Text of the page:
Recently, I was interacting with one successful differently-abled farmer Padma Shri Genabhai Patel from Lakhani Taluka of Gujarat’s arid Banaskntha district. The discussion revolved around whether government sponsored freebies such as loan waiver schemes are benefiting the farmers in need.
More than 85 per cent of farmers belong to the small or marginal farmer’s category. They hardly avail institutional credit facilities. Then, who is benefiting? Government after government, irrespective of any political party or ideology, has been using freebies for vote bank politics.
He spoke in a very clear and succinct manner that what a farmer needs are water, power and price, timely availability of water and power to irrigate his farm land and fair price on his produce. If these three things are available, hopefully no self-respecting farmer would run after the government offices for freebies.
‘Price’ is the main component in whole agriculture ecosystem. A farmer needs to be enabled to get fair or at least remunerative price on his produce. Since agriculture is a state subject, different states are governed by different APMC Acts. They have different levy structures in different mandis. Even most surprisingly different mandis within a state have different rules and regulations, thereby making them virtually incomprehensible for the gullible farmers.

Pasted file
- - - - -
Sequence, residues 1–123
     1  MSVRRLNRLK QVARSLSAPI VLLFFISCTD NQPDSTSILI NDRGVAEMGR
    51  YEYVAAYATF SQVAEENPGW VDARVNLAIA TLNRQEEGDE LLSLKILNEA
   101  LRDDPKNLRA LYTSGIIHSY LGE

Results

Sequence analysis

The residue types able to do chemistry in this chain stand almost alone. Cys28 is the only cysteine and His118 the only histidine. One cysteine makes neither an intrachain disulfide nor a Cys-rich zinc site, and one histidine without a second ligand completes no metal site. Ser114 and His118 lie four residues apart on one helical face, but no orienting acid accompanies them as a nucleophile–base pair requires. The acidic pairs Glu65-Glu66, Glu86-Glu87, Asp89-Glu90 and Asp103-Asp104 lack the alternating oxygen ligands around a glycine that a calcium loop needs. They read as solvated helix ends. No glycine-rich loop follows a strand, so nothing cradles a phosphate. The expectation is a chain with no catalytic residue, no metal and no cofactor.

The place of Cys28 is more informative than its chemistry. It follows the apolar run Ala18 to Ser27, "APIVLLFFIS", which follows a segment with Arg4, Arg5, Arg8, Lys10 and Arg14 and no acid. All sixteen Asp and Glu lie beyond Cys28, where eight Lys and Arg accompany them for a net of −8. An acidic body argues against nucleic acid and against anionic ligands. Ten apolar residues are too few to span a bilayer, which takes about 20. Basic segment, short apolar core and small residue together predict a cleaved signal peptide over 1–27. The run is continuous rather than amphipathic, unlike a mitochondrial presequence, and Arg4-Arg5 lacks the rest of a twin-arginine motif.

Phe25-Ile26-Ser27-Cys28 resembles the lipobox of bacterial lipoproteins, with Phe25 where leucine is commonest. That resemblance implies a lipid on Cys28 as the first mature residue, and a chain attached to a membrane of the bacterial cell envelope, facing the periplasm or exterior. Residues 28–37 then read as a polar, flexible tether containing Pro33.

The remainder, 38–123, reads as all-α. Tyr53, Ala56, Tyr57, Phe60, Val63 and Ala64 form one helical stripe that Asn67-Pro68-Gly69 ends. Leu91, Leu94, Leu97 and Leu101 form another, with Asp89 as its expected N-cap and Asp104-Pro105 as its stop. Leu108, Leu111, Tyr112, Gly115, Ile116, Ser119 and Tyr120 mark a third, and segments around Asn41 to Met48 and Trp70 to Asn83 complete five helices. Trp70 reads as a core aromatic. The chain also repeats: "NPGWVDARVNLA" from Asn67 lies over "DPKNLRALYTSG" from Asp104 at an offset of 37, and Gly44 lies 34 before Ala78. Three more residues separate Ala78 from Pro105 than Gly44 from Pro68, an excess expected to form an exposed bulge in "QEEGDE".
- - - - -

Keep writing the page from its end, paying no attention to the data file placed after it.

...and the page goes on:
The irony is that agriculture sector involving more than 140 million families and the only largest private enterprise in the county has been left out of the benefits of economic reforms that began in 1991.
However, the present government at centre has initiated certain progressive agricultural market reforms in the country. The New Model APMC Act 2017 is a step in right direction. The act envisages ‘one nation one market’ model for farmers. Though it is challenging, yet it is achievable. Only political will is required. State governments have to come forward to amend their APMC Acts in line with creating one common market platform for farmers across the country.
I was wondering why there could not be a central law in line with GST to govern the agriculture markets in the county. It may require constitutional amendment. It may need consensus among state governments. Time has come the state governments must rise above narrow vote bank politics.